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Expand chart
Data: TeamHealth letter to senators; Note: Numbers don't include Blue Cross Blue Shield insurers; Chart: Axios Visuals

Physician staffing firm TeamHealth sent thousands of surprise medical bills to patients in 2017, a strategy used to obtain higher payment rates from insurers, according to a letter from the company sent to a group of senators in March, which was obtained by Axios.

Why it matters: These bills can be unaffordable for the small portion of TeamHealth's patients who receive them, and the subsequently high in-network rates raise premiums for everyone.

By the numbers: In the letter, TeamHealth president and CEO Leif Murphy reported balance billing 0.16% of patients overall in 2017, but that includes patients who have government insurance.

  • Among those with private coverage, 0.71% received balance bills. And among those patients who had commercial coverage but were out of network, 3.57% were balance billed.
  • The average balance bill in 2017 was $529, excluding patient cost-sharing obligations — which can quickly add up. But only 30% of patients who were balance billed paid, either partially or in full.

In the same letter, Murphy said TeamHealth provides emergency care to 16 million patients a year, and 26% of its patients have commercial insurance. If .71% of them receive balance bills, that's nearly 30,000 people.

  • "Actually following through and balance billing 3.6% of [out-of-network] treated patients is a substantial amount," said Loren Adler, associate director of the USC-Brookings Schaeffer Initiative for Health Policy.

How it works: "Balance billing yields immaterial revenue for TeamHealth and is not performed with the objective of enhancing revenue," Murphy wrote in the March letter. "Rather ... balance billing is our only available source of contract negotiating leverage."

  • That leverage leads to in-network rates that are multiple times what Medicare pays. TeamHealth collects, on average, $350 per visit by a commercially insured patient, and only $145 from a Medicare enrollee.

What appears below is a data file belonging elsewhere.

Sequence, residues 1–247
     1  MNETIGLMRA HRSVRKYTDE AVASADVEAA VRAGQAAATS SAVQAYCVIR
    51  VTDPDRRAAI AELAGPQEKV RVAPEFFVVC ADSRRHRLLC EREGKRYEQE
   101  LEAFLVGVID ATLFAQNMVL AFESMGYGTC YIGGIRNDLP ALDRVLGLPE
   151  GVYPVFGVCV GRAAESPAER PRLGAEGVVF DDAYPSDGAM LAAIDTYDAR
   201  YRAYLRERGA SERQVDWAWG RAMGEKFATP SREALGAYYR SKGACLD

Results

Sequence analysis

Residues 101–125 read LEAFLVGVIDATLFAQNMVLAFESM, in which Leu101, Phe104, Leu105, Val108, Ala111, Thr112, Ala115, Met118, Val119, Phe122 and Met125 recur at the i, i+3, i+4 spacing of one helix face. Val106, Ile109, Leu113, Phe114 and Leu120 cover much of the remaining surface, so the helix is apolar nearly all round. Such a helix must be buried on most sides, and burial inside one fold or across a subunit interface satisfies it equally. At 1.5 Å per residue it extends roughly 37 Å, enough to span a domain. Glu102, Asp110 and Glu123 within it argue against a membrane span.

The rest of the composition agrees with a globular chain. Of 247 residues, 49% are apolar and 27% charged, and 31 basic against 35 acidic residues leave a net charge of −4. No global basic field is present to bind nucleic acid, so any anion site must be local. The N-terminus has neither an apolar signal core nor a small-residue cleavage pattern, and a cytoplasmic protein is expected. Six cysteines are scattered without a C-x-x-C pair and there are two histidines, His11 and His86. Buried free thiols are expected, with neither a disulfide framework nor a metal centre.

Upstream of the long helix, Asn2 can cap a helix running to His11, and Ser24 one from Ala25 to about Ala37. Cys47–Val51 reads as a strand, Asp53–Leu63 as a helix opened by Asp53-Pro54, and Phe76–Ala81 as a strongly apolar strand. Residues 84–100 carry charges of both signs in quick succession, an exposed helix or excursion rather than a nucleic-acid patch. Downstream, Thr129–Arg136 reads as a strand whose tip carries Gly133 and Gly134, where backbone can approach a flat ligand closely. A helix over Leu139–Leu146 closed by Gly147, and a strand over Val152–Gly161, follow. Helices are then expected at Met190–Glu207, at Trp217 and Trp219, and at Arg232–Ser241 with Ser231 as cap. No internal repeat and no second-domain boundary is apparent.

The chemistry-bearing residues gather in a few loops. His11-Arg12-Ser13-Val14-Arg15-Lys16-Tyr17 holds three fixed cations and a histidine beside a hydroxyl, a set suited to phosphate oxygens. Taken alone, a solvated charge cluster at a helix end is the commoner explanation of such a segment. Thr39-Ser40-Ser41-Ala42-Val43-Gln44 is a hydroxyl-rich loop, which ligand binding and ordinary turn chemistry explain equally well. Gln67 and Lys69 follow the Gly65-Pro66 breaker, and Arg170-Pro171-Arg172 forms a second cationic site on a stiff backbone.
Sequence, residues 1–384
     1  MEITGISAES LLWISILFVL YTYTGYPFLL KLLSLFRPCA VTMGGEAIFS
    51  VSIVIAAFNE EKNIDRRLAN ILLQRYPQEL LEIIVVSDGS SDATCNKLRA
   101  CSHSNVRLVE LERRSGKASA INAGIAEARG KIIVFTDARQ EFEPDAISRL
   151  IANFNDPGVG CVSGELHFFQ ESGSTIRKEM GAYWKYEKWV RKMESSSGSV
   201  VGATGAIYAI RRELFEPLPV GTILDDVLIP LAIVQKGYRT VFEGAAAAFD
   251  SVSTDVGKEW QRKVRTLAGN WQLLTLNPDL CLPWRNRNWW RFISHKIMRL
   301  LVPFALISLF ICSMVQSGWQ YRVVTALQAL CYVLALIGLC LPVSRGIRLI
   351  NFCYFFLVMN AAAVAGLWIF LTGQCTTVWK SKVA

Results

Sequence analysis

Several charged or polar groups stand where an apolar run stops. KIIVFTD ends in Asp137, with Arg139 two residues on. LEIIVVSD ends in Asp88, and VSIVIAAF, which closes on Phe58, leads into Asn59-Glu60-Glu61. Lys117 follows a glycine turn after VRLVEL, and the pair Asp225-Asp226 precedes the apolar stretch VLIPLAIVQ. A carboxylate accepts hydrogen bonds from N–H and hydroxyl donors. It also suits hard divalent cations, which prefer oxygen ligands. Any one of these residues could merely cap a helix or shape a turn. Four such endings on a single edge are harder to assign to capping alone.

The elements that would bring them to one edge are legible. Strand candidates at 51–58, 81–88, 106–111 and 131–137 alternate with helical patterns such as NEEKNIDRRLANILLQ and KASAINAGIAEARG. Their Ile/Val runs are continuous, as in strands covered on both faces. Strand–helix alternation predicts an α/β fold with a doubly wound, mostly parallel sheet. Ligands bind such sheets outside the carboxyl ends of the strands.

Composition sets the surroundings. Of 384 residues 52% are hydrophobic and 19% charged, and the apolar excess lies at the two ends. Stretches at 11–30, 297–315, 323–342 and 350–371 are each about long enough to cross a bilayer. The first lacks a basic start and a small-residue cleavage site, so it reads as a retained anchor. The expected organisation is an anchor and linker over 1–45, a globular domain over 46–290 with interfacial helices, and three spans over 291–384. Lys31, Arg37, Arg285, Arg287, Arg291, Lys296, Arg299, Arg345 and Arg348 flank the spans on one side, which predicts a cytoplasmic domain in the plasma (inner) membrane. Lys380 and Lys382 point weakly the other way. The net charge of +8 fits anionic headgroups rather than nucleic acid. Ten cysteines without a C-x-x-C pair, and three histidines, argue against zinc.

• It collects significantly less from Medicaid beneficiaries and uninsured patients, which collectively make up about half of its patient volume.

Yes, but: TeamHealth says it no longer practices balance billing.

  • "TeamHealth has a longstanding policy against balance billing... To the extent balance billing occurs from a TeamHealth facility, it is rare and unintended," Blackstone's Wayne Berman, head of global government affairs, wrote in a letter to the Energy and Commerce Committee in October.
  • Blackstone acquired TeamHealth in 2017.
  • A spokesperson for TeamHealth declined to comment further.

What they're saying: “Maybe I’m Bambi-esque, but I think holding a gun to patients’ heads to get 425% of Medicare rates just seems wrong. And at some point, enough is enough," said Zack Cooper, a Yale professor.

Go deeper

Updated 3 hours ago - Politics & Policy

Arizona GOP's private recount of 2020 election confirms Biden's win

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In an odd coda to the 2020 election, private contractors conducting a GOP-commissioned recount in Arizona confirmed President Biden’s win in Maricopa County.

Why it matters: The unofficial, party-driven recount has been heavily covered on cable news as part of former President Trump's continued effort to sow doubt about the election result.

Del Rio bridge camp empty following Haitian migrant surge

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The last migrants camping under the Del Rio International Bridge, which connects Texas and Mexico, departed on Friday, Homeland Security Secretary Alejandro Mayorkas announced during a White House press briefing.

Driving the news: Thousands of migrants, mostly from Haiti, had arrived to the makeshift camp after crossing the southern border seeking asylum. Roughly 1,800 migrants will now head to U.S. Customs and Border Protection processing centers.

White House says it expects federal contractors to be vaccinated by Dec. 8

Photo: Stefani Reynolds/Bloomberg via Getty Images

The White House said in new guidance Friday that it expects millions of federal contractors to be vaccinated against the coronavirus no later than Dec. 8.

Why it matters: Companies with federal contractors have been waiting for formal guidance from the White House before requiring those employees to get vaccinated, according to Reuters.